“This engagement pushes the boundaries in the UAV industry and will pave the way to a connected world in the Internet of Things,” said Anil Nanduri, vice president of the New Technology Group and general manager of New Markets within the Perceptual Computing Group at Intel. “Intel believes UAVs have great potential, from inspections, precision agriculture to deliveries of consumer goods and providing emergency disaster relief. We want to grow this market through our collaborations and by integrating new technologies and compute to UAVs.”

AT&T has five approved UAS companies: ETAK Systems, Hazon Solutions, Montico, RKC Site Solutions, and Talon.

It’s no longer your grandfather’s drone or software
In the analog build-out days, shooting multiple SLR camera photos was the only way that carriers could ensure that their equipment had been installed as required, and it wasn’t uncommon to see a project manager dropping off canisters of film at a drive-through Fotomat kiosk.

Around 1998 when digital cameras became affordable, it was difficult to appreciate how that technology could ever be supplanted. Five years later more camera phones were sold worldwide than stand-along digital cameras and in the past three years a number of apps have streamlined the closeout photo/document process.

However, tremendous drone, camera optic and software advances are now capable of providing asset tags, 3-D CAD modeling, signal analyzing, thermal imaging, line-of-sight testing and other real-time tasks that can be easily viewed by the client.

Although there are UAS companies every day getting their FAA 333 exemption for U.S. commercial drone pilots, and they have 200 drone manufacturers to choose from to obtain their aircraft, it will most likely be the companies that employ the best software packages for the wireless industry that will be the most successful – providing they have the other requisite capabilities that clients will require.

Repack program could be an indicator of drone acceptance
The ambitious 39-month deadline for TV broadcasters to complete their spectrum ‘repacking’ obligations once the FCC’s reverse auction is completed, could see a greater interest in the use of drones to map structures and tag assets to ensure a quicker turn-around in an industry that – in most professional circles – doesn’t have enough qualified tall tower crews.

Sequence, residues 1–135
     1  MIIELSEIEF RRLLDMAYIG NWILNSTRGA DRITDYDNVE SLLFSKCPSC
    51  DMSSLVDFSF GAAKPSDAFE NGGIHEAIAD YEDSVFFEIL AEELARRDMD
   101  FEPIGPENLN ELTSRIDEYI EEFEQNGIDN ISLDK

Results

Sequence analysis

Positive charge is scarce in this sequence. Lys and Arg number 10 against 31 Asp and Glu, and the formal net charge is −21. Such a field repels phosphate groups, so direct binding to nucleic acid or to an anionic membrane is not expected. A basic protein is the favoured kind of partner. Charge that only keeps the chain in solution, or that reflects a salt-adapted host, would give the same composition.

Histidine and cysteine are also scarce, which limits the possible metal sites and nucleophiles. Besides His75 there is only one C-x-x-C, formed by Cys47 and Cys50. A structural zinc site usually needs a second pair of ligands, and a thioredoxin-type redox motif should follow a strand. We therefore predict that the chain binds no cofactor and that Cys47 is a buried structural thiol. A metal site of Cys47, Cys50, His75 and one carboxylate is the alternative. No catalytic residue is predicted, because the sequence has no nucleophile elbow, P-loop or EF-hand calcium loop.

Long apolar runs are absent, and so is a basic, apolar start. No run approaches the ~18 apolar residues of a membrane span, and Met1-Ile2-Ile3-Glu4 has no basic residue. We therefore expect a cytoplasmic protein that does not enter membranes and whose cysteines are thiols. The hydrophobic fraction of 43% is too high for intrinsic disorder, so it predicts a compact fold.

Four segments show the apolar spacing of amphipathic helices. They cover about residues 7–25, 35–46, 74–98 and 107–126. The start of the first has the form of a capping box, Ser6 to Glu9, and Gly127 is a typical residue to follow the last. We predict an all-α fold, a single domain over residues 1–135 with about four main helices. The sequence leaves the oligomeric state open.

Duke Dietz, left, and Sean Cushing of Hazon Solutions demonstrate their company’s capabilities to managers of Dominion Power & Light in Virginia.

The FCC released a ruling on April 18, 2016 that repacking expenses incurred before or during the upcoming broadcast incentive auction, such as tower mapping, whether it’s done by tower crews or drones, and structural analysis expenses, will be compensated by the FCC so long as they are covered repacking-related expenses and the TV station has to move to a new channel in the repack.

“The use of UASs in respect to the repack project is essential to provide the safest and most informed decisions. The UASs can offer real time assessments at heights and detect potential life-threatening faults that would not otherwise be seen,” said Phil Larsen, President of HAZON Solutions Telecommunications Services.

Although the current regulations require drones to be flown below 500 feet, numerous focus groups are requesting that authorized and approved UAS companies will be able to request Class T airspace authorization since tall tower locations are already recognized as a no fly zone by the FAA for manned aircraft.

“The technology and the capability by experienced and authorized UAS companies is there to be used and should be,” said Larsen, who also stated that the repacking program could be advanced and completed on time if engineers knew what their structure was capable of handling, and what transmission systems needed to be removed.

T-Mobile and ERI have the perfect opportunity and finances to put UASs in play
Industry eyes will be focused on T-Mobile and antenna manufacturer  Electronics Research, Inc. (ERI) to see if they take advantage of UAS support as part of their partnership to accelerate the process of clearing the 600 MHz frequency band within the FCC’s 39-month repacking timeline. Earlier this month, T-Mobile said it was going to partner with ERI  so that the Indiana company could increase their manufacturing capabilities by 800% and increase their tall tower crew count.

Johnson, trade groups and UAS companies stress that drone technology will never replace tower climbers, and they’re correct, but it will take away some business from companies that rely upon their mapping services to carriers and tower owners.

“There are always trade-offs in any industry as technology evolves,” said a UAS executive. “As an example, there were many companies years ago that solely provided sweep tests to carriers, but that changed as test equipment became less expensive and training was minimal. Today,  almost all contracts require crews to provide those services.”